It’s been a week after the psychotic expedition that was Anime Expo, and everything is coming together in terms of post-con information. This year’s AX exceeded 100k mark, another increase from last year. There have been few reviews, including ours, of Anime Expo. One of the interesting review I found was Mission Start Podcast’s review of the convention, written by Jeremy Wilson. When you have time, check it out. The review covers many aspects, some even we weren’t able to cover. The last part of that review is what interested me, where it mentions Anime Expo slowly becoming a trade show. Which brings up the question, can Anime Expo maintain a trade show format in the similar vein of E3 or San Diego Comic-Con?
There are two ways to see this issue:
It is possible because:
- Industry Connection
Make no mistake about it, even on its worst day, Anime Expo still has the most anime industry connection in the West coast convention circle. They were even able to contact Anison, which in itself is a huge feat. Being one of the oldest anime convention in the existence, couple that with located in Southern California, Anime Expo can bring out amazing guests one way or another. Perhaps now that they have reached 100K, they can bring in some more industry booths to their fray.
Out of all the California anime conventions, Anime Expo has the deepest root within the community that started back in 1992. Sometimes, being an old guard of certain business has its benefits, where you are more likely to come up in conversation than any others. That puts Anime Expo in a comfortable area where they can grow exponentially due to consistent hype and visibility.
It is NOT possible because:
- The Location
This is one of the main reason why Anime Expo will have hard time growing after this year. LA Convention Center area is terrible for the type of convention AX currently is. Because Downtown LA is predominantly business district, the traffic is terrible. Making it worse is the occasional movie/TV filming that occurs in the area, which can shut down a block or two easily. In addition, there aren’t many viable hotel options within the area. About half of the hotels within the walking area aren’t up to modern standard (I’m looking at you, Figueroa), and the hotels within the walking areas are balls-out expensive.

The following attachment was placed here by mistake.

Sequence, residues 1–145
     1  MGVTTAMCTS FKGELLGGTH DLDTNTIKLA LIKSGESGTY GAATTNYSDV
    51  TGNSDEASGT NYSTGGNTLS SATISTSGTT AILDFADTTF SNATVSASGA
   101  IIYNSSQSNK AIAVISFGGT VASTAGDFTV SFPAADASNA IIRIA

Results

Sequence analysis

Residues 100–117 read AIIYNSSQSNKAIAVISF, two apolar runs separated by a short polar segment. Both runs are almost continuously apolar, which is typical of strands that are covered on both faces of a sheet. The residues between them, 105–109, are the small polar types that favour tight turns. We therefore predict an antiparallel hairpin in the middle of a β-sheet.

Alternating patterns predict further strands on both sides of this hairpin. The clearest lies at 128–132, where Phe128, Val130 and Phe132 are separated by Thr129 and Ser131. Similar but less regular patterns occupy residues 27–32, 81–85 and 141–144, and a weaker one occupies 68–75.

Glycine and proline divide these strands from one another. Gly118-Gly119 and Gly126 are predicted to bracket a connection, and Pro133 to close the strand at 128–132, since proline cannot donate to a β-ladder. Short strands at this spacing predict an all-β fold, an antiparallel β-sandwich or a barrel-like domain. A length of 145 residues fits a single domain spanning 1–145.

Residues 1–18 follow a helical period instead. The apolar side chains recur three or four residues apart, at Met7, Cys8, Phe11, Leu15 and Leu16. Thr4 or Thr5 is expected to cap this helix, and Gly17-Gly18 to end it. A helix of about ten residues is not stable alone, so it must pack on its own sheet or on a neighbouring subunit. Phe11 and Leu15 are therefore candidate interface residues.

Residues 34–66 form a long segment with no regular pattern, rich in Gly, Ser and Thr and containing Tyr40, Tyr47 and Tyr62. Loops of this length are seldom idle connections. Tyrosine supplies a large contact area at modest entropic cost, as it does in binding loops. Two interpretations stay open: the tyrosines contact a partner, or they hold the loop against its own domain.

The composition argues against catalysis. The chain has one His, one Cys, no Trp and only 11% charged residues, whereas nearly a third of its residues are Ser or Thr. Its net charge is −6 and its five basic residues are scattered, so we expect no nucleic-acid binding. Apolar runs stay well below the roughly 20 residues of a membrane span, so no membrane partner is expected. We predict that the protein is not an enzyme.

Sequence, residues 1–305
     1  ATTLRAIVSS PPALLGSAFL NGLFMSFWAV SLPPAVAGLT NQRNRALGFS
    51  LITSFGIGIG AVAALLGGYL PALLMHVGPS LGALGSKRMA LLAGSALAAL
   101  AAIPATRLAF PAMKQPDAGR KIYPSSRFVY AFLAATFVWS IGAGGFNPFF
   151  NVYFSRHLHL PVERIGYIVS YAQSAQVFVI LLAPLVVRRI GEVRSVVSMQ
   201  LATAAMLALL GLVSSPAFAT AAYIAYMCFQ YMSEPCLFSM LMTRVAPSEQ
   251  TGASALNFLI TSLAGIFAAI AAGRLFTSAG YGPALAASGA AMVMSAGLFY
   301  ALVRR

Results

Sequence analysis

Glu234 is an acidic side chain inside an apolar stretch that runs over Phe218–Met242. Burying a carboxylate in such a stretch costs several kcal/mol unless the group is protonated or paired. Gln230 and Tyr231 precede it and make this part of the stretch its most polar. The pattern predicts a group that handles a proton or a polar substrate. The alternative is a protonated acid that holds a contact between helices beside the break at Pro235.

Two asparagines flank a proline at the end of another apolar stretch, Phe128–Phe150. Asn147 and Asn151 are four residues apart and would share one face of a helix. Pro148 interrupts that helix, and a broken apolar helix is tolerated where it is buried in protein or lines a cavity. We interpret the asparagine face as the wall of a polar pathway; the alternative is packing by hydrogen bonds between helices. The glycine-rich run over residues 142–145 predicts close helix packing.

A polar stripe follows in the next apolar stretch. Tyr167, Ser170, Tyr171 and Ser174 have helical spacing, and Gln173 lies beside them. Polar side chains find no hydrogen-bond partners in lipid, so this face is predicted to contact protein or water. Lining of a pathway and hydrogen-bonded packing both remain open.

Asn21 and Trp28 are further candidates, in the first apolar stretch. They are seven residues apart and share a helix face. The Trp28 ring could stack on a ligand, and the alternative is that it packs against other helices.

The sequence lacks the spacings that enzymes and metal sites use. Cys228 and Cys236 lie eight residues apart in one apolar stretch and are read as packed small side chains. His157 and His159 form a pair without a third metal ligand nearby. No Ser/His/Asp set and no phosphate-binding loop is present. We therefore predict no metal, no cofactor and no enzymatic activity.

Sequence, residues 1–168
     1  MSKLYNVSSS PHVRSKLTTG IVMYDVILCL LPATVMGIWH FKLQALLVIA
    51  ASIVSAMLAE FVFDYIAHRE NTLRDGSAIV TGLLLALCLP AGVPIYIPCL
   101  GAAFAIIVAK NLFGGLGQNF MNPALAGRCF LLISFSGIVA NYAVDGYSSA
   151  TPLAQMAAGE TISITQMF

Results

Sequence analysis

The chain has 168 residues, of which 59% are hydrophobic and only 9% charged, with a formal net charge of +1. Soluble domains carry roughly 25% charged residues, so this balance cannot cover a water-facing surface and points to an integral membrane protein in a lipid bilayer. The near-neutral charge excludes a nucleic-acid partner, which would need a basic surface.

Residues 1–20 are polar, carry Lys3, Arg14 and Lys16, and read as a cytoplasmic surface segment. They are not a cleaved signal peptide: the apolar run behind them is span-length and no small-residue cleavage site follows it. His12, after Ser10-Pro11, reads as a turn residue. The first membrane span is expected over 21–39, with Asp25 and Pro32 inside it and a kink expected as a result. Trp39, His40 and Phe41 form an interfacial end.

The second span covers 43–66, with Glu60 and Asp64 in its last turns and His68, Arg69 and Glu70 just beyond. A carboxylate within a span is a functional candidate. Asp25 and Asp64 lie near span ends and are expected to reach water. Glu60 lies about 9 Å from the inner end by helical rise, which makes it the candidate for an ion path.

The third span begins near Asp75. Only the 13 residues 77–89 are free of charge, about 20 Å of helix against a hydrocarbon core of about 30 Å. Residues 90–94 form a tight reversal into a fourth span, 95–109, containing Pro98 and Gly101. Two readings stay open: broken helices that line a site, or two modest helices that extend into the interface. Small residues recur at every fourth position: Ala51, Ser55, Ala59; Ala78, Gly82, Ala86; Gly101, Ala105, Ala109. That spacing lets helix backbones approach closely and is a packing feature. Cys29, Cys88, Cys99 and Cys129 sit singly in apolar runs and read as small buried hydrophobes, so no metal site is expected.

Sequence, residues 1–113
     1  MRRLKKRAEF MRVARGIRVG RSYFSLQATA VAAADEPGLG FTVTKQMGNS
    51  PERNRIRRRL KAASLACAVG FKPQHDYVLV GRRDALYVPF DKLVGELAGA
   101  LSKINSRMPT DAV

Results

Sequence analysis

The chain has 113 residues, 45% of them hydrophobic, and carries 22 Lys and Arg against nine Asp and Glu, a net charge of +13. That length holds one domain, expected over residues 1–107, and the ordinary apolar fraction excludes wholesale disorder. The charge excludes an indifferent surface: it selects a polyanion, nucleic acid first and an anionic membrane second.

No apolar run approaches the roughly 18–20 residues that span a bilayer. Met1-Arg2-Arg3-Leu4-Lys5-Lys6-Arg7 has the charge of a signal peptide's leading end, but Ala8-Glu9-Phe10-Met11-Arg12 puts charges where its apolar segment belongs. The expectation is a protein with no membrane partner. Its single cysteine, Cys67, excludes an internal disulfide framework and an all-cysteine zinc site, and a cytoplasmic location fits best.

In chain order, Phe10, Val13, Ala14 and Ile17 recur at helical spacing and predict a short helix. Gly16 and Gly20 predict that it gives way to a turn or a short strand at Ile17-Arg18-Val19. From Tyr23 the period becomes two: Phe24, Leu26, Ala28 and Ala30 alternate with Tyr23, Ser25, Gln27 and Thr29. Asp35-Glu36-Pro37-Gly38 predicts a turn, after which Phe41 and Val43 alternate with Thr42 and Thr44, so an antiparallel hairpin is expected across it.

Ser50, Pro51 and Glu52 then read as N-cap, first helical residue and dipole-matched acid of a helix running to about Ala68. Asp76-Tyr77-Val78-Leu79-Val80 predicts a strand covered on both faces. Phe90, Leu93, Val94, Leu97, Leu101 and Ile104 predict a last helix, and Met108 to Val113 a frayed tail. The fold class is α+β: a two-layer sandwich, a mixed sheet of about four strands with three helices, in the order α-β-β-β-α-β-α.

Worst of all, LACC is not built for 100K and above attendance. The convention itself stands at about 720K Sq Ft, as opposed to San Diego Convention Center’s 2.6 Million Sq Ft and Anaheim Convention Center’s 1.6 Million Sq Ft. Those that attended Anime Expo this year could’ve felt it, the sheer sense of claustrophobia and chaotic foot traffic within the convention center. 50K more attendees and you could have fire marshal shut down the whole event, and that will not look good on AX anyway you look at it.
- Lack of Volunteers
100K attendees are no joke, and requires a lot of guidance and support. Unfortunately, Anime Expo seem to have trouble getting enough volunteers for the last few years. This year, Anime Expo was 100 volunteers short of ideal amount, and many people had to work overtime after overtime to compensate for it. The end result was disorganization on the floor, miscommunication among AX staff, and even tempers flaring between few volunteers and attendees. If there was ever a time for SPJA to address their volunteers problem, now would be a good time.
SPJA headquarter seem to have a revolving door, because there seems to be turnover internally each year. This year had Marc Perez suddenly resign, and Ray Chiang took over few months before Anime Expo. In addition, several key staff members left their post for unknown reason and it seems the change affected some parts of AX programming greatly.
- Anime fans’ mentality
Anime fans have different mentality than that of general trade show or San Diego Comic-Con attendees. Their focus isn’t grandeur of industry booth and new anime trailers, although those are very nice bonus. They tend to put more focus on friends and community, participating in community generated events such as photoshoots and cosplay gatherings. One of the huge complaints for AX this year was that people had to plan out their convention routines a week before the con. To many, it was no longer a place where fans can come in, hang out with friends, stop by few panels, and have a great 4th of July weekend. It was a grueling work, where you had to decide which panels to go to, stand in autograph line from 1am just to meet their favorite voice actor, trudge through the congested hallway, miss out on catching up with friends because of plans, and more. I have seen several close friends already saying they might not attend next year’s AX , because fun isn’t there anymore.
Anime Expo needs to figure out the fine middle ground if they want to grow or at least maintain what they have. Because they cannot turn into full-fledged trade show with current issues. If they really do want to grow, they need to abandon LACC somehow. At the same time, they cannot alienate core fan base that made them what they are today. As long as they remember that this is not average convention attendees they are not dealing with, they may still have pulse for years to come.
stan @ scarlet-rhapsody.com